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 Post subject: Re: 3770K IHS removal and results
PostPosted: Tue Aug 07, 2012 7:11 pm 
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Liquid Pro does carry some risks, but if you have already performed the riskiest part, which is the IHS removal, applying a little conductive TIM underneath the IHS doesn't sound so risky. I don't see any exposed traces or capacitors underneath the IHS. The bonding of Liquid Pro is a serious drawback when you are applying it on top of the IHS between the IHS and the heatsink, since you might need to detach the heatsink occasionally to perform maintanence on it. But it is not like you need to take off the IHS for maintenance, below the IHS actually sounds like the ideal use for Liquid Pro.

Anyways, hats off for having the guts to delid your Ivy Bridge. I am still not sure if I want to delid mine after reading all the failed attempts on the various forums. My temps aren't that bad even in a non air conditioned room at 4.5Ghz in the summer, and deliding it might make it harder to resell if in the future.

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@Tzupy - No need to apologize for linking. You can add 'forms tight bonds between surfaces' to your list of why LP is a bad idea.


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 Post subject: Re: 3770K IHS removal and results
PostPosted: Tue Aug 07, 2012 7:14 pm 
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How do you put the lid back on after you have taken it off?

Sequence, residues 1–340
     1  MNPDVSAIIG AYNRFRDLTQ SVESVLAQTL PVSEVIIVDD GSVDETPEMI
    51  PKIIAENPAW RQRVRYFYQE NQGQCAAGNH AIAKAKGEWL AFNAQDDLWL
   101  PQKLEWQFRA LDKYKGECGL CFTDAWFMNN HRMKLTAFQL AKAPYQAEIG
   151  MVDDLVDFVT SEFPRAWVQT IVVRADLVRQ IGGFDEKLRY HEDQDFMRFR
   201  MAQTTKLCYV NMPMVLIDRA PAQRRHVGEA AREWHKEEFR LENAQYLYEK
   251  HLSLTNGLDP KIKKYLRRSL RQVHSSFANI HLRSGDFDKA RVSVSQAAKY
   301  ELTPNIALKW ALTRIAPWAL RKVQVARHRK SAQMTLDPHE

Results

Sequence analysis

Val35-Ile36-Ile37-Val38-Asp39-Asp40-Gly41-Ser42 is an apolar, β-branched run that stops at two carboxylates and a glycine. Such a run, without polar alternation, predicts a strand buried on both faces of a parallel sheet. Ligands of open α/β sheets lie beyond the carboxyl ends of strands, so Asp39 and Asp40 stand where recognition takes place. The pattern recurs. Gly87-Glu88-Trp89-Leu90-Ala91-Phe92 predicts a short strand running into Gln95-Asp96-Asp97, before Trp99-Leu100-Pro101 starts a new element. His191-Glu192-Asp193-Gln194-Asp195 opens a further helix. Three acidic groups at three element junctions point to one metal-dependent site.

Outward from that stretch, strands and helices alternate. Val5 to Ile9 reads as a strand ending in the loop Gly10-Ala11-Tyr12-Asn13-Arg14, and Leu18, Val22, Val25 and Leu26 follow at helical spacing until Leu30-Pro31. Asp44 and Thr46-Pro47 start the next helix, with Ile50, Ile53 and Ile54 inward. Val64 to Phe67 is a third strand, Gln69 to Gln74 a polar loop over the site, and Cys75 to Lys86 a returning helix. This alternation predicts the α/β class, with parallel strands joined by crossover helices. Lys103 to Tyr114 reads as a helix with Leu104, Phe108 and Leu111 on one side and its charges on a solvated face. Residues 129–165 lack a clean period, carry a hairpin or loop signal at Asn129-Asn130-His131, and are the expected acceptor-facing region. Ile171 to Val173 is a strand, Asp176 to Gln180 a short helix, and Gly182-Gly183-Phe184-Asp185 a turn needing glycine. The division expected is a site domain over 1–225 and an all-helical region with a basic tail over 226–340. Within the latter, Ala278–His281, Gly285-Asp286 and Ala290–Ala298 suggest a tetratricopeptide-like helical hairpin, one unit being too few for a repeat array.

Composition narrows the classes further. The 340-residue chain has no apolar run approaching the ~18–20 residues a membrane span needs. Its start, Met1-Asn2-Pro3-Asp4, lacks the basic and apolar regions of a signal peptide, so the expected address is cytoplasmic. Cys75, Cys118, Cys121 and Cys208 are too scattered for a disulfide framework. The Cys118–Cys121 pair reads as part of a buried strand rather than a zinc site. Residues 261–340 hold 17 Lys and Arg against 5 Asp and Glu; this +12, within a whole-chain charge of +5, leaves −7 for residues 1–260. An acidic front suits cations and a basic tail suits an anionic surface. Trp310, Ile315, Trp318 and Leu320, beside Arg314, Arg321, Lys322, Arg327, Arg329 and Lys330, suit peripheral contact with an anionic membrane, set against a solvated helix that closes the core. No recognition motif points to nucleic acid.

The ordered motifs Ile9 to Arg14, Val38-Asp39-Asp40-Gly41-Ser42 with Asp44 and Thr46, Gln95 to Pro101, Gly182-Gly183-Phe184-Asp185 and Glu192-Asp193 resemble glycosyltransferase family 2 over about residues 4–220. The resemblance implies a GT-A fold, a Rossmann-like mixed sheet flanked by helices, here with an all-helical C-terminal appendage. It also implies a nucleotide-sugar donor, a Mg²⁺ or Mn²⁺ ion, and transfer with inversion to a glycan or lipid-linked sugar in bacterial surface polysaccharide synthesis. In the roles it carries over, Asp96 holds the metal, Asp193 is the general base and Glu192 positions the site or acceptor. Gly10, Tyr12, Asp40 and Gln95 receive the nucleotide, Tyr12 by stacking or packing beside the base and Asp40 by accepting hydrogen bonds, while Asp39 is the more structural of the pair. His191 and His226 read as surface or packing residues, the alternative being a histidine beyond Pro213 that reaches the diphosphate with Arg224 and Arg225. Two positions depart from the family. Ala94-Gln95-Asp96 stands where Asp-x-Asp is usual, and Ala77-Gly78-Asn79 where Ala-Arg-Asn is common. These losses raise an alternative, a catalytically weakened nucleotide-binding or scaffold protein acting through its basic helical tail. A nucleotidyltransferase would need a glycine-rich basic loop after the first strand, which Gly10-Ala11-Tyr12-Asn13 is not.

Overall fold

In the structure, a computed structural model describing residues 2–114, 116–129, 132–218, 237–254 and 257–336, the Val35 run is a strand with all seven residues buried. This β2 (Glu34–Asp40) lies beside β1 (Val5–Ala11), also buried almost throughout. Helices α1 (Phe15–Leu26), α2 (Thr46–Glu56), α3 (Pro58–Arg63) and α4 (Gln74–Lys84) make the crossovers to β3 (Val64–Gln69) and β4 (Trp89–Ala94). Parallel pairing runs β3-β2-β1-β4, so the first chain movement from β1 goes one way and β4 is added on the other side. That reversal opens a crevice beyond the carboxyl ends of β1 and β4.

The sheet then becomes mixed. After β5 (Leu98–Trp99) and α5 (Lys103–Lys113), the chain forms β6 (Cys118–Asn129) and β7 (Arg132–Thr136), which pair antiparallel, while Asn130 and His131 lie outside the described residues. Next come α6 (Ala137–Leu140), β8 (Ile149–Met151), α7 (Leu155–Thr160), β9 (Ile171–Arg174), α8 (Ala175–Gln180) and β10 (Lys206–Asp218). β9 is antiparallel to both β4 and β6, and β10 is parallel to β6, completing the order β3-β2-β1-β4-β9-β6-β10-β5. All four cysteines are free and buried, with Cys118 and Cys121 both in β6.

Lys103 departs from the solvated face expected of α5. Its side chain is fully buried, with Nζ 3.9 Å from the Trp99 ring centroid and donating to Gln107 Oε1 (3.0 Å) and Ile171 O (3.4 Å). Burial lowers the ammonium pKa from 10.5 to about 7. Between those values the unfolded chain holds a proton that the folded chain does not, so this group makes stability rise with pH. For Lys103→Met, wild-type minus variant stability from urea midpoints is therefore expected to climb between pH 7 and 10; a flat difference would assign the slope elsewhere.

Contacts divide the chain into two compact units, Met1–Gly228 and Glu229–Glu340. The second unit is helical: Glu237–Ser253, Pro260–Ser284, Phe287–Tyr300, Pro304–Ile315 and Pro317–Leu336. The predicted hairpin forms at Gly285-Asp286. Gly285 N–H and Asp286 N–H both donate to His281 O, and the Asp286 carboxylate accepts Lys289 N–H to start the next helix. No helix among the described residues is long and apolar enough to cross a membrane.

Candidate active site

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 Post subject: Re: 3770K IHS removal and results
PostPosted: Wed Aug 08, 2012 12:18 am 
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ces wrote:
How do you put the lid back on after you have taken it off?


graysky wrote:
When finished cleaning up both pieces, apply TIM to the die, place it back in the MB, and gently place the IHS on it. Lock it into place in the MB with the mounting bracket that will hold the IHS to the chip securely thus keeping you from having to glue down the IHS.

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 Post subject: Re: 3770K IHS removal and results
PostPosted: Fri Aug 10, 2012 7:42 pm 
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Has Intel responded at all to these experiments and do they plan to do anything to change their processes with the Ivy Bridge CPUs?


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 Post subject: Re: 3770K IHS removal and results
PostPosted: Sat Aug 11, 2012 2:06 am 
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wayner wrote:
Has Intel responded at all to these experiments and do they plan to do anything to change their processes with the Ivy Bridge CPUs?


:lol:

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 Post subject: Re: 3770K IHS removal and results